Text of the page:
Cites: Arch Toxicol. 2001 Jun;75(4):200-8 PMID 11482517
Cites: Environ Res. 2016 Aug;149:222-230 PMID 27228485
PubMed ID
29396447 View in PubMed
Less detail

Associations between serum polybrominated diphenyl ethers and thyroid hormones in a cross sectional study of a remote Alaska Native population.

https://arctichealth.org/en/permalink/ahliterature296904
Source
Sci Rep. 2018 02 02; 8(1):2198
Publication Type
Journal Article
Research Support, N.I.H., Extramural
Date
02-02-2018
Author
Samuel C Byrne
Pamela Miller
Samarys Seguinot-Medina
Vi Waghiyi
C Loren Buck
Frank A von Hippel
David O Carpenter
Author Affiliation
Environmental Studies, St. Lawrence University, Canton, NY, USA. sbyrne@stlawu.edu.
Source
Sci Rep. 2018 02 02; 8(1):2198
Date
02-02-2018
Language
English
Publication Type
Journal Article
Research Support, N.I.H., Extramural
Keywords
Adult
Alaska
Alaska Natives
Correlation of Data
Cross-Sectional Studies
Environmental pollutants - blood
Female
Halogenated Diphenyl Ethers - blood
Humans
Male
Serum - chemistry
Thyroid Hormones - blood
Young Adult
Abstract
Polybrominated diphenyl ethers (PBDEs) are ubiquitous environmental pollutants. Arctic indigenous peoples are exposed to PBDEs through a traditional diet high in marine mammals. PBDEs disrupt thyroid homeostasis. The aim of this study was to assess the relationship between serum PBDEs and thyroid function in a remote population of St. Lawrence Island Yupik. Serum samples were collected from 85 individuals from St. Lawrence Island, Alaska and measured for concentrations of PBDEs, free and total thyroxine (T4), free and total triiodothyronine (T3), and thyroid stimulating hormone (TSH). The relationships between PBDEs and thyroid hormones were assessed using multiple linear regression fit with generalized estimating equations. Serum concentrations of several Penta-BDE congeners (BDE-28/33, 47, and 100) were positively associated with concentrations of TSH and free T3, while serum concentration of BDE-153 was negatively associated with total T3 concentrations. Both BDE-47 and 153 remained significantly associated with thyroid hormones when BDE-47, BDE-153, and BDE-209 were covariates in the same model. There were no significant relationships between serum concentrations of PBDEs and either free or total T4. Individual PBDEs are associated with thyroid hormones in serum from a remote population of Alaska Natives, and directions of effect differ by congener.
PubMed ID
29396447 View in PubMed
Less detail

Clock Gene Expression in the Suprachiasmatic Nucleus of Hibernating Arctic Ground Squirrels.

https://arctichealth.org/en/permalink/ahliterature282215
Source
J Biol Rhythms. 2017 Apr 01;:748730417702246
Publication Type
Article
Date
Apr-01-2017
Author
Tomoko Ikeno
Cory T Williams
C Loren Buck
Brian M Barnes
Lily Yan
Source
J Biol Rhythms. 2017 Apr 01;:748730417702246
Date
Apr-01-2017
Language
English
Publication Type
Article
Abstract
Most organisms have a circadian system, entrained to daily light-dark cycles, that regulates 24-h rhythms of physiology and behavior. It is unclear, however, how circadian systems function in animals that exhibit seasonal metabolic suppression, particularly when this coincides with the long-term absence of a day-night cycle. The arctic ground squirrel, Urocytellus parryii, is a medium-sized, semi-fossorial rodent that appears above-ground daily during its short active season in spring and summer before re-entering a constantly dark burrow for 6 to 9 months of hibernation. This hibernation consists of multiple week-long torpor bouts interrupted by short (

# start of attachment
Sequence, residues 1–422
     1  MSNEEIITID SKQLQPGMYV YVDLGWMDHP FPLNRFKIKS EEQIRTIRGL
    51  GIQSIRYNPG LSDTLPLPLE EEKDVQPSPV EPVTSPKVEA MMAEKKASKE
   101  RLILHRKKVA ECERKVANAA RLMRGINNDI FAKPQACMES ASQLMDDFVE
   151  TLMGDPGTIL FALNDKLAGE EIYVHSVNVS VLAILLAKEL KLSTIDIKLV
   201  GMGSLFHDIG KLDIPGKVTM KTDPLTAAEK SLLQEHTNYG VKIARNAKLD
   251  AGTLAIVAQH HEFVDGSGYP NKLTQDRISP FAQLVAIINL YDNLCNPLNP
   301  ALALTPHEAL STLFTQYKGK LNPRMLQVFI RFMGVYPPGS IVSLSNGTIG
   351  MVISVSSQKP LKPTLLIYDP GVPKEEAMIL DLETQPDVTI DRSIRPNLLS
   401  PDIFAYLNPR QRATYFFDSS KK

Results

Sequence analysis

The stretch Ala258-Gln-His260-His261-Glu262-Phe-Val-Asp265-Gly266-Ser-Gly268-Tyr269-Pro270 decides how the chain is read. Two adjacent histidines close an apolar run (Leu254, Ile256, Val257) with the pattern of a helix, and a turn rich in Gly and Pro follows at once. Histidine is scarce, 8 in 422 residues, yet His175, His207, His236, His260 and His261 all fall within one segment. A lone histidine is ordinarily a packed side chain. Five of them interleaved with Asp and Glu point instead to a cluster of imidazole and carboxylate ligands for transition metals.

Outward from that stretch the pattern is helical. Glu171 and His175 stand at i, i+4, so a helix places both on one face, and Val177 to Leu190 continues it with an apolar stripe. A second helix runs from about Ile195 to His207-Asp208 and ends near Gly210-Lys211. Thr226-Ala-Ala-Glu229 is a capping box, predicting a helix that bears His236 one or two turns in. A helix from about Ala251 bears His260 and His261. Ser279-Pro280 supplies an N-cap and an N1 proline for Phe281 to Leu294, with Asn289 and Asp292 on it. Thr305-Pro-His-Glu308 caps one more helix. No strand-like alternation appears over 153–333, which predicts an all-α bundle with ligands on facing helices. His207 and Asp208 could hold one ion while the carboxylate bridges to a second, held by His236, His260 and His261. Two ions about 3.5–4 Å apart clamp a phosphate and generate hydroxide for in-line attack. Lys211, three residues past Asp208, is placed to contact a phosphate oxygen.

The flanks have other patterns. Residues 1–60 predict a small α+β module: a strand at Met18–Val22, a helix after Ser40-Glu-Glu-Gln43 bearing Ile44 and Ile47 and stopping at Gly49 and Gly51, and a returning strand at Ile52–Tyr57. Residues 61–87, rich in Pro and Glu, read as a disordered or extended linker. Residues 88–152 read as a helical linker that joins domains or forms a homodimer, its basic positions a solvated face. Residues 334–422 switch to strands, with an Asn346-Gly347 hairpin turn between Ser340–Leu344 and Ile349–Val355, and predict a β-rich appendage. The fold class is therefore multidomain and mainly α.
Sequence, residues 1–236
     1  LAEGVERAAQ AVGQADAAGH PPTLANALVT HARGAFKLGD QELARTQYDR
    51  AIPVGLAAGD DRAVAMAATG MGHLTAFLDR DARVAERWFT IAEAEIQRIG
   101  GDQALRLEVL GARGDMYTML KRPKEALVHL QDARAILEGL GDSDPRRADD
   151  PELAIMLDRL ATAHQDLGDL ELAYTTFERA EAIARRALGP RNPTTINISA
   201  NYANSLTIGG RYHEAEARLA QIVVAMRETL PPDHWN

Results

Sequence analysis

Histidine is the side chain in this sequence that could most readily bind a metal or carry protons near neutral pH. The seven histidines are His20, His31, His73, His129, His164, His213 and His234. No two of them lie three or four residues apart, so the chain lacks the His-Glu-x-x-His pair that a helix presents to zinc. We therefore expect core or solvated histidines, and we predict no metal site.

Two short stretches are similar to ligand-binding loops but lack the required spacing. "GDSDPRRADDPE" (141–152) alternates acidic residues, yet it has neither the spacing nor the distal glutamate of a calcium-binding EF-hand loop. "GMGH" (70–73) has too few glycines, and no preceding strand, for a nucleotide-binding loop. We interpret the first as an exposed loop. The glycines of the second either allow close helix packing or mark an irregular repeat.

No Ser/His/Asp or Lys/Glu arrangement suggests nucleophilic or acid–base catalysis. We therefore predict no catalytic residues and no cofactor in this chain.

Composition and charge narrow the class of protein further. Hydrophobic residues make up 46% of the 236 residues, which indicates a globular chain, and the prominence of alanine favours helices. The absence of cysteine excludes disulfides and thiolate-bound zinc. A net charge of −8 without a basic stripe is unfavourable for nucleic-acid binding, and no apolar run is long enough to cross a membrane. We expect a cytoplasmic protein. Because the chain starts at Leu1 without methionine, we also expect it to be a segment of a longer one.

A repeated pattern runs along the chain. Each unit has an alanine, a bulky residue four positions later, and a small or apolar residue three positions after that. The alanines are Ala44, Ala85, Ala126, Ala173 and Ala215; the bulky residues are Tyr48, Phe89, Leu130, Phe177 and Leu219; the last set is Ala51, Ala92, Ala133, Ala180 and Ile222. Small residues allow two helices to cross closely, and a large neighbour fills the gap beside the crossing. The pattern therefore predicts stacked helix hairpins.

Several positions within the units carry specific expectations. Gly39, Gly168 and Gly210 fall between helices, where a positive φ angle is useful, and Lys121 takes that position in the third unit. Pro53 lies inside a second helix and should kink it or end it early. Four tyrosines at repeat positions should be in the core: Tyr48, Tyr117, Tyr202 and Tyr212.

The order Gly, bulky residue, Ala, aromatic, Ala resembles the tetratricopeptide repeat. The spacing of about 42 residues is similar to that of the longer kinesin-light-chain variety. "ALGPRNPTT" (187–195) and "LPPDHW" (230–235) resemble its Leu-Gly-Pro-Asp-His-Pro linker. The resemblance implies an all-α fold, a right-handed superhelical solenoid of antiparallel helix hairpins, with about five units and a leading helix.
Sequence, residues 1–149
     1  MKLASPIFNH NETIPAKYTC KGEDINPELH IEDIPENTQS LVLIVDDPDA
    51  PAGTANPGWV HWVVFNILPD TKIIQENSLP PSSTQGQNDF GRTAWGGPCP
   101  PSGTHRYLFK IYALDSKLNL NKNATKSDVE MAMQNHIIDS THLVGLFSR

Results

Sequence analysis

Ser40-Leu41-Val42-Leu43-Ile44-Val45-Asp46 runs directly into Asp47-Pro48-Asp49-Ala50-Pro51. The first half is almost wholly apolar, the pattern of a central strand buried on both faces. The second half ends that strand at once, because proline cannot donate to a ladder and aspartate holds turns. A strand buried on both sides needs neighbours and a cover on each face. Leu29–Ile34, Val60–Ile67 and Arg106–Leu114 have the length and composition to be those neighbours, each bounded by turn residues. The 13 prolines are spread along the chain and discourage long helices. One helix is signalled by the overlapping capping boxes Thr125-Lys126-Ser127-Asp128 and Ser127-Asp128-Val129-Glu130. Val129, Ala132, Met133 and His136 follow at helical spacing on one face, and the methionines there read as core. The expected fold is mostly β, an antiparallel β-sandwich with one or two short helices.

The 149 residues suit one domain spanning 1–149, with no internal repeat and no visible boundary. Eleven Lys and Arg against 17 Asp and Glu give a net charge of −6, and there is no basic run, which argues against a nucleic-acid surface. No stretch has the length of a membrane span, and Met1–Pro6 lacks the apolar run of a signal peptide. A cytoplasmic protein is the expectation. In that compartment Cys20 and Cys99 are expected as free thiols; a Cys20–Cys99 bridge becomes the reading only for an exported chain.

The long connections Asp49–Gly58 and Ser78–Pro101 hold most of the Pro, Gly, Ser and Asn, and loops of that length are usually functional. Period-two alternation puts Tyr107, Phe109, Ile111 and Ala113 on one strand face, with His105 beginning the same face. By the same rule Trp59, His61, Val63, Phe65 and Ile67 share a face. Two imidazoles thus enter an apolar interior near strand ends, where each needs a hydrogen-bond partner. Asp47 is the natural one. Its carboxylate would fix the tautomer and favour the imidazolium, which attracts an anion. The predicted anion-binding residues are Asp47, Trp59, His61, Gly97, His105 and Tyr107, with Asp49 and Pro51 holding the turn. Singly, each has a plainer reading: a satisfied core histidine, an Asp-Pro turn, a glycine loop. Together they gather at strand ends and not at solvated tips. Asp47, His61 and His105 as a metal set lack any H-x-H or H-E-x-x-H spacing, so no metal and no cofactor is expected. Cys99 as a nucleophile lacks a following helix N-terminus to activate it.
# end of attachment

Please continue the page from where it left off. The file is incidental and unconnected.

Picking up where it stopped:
PubMed ID
28452286 View in PubMed
Less detail

Clock Gene Expression in the Suprachiasmatic Nucleus of Hibernating Arctic Ground Squirrels.

https://arctichealth.org/en/permalink/ahliterature290083
Source
J Biol Rhythms. 2017 06; 32(3):246-256
Publication Type
Journal Article
Research Support, U.S. Gov't, Non-P.H.S.
Date
06-2017
Author
Tomoko Ikeno
Cory T Williams
C Loren Buck
Brian M Barnes
Lily Yan
Author Affiliation
Department of Psychology, Michigan State University, East Lansing, Michigan.
Source
J Biol Rhythms. 2017 06; 32(3):246-256
Date
06-2017
Language
English
Publication Type
Journal Article
Research Support, U.S. Gov't, Non-P.H.S.
Keywords
ARNTL Transcription Factors - genetics
Animals
Arctic Regions
Body temperature
Circadian Clocks - genetics
Circadian Rhythm - physiology
Hibernation - genetics
Light
Period Circadian Proteins - genetics
Photoperiod
Proto-Oncogene Proteins c-fos - genetics
Sciuridae - genetics - physiology
Seasons
Suprachiasmatic Nucleus - physiology
Abstract
Most organisms have a circadian system, entrained to daily light-dark cycles, that regulates 24-h rhythms of physiology and behavior. It is unclear, however, how circadian systems function in animals that exhibit seasonal metabolic suppression, particularly when this coincides with the long-term absence of a day-night cycle. The arctic ground squirrel, Urocytellus parryii, is a medium-sized, semi-fossorial rodent that appears above-ground daily during its short active season in spring and summer before re-entering a constantly dark burrow for 6 to 9 months of hibernation. This hibernation consists of multiple week-long torpor bouts interrupted by short (
PubMed ID
28452286 View in PubMed
Less detail

Coping with differences in snow cover: the impact on the condition, physiology and fitness of an arctic hibernator.

https://arctichealth.org/en/permalink/ahliterature287444
Source
Conserv Physiol. 2017;5(1):cox065
Publication Type
Article
Date
2017
Author
Michael J Sheriff
Rudy Boonstra
Rupert Palme
C Loren Buck
Brian M Barnes
Source
Conserv Physiol. 2017;5(1):cox065
Date
2017
Language
English
Publication Type
Article
Abstract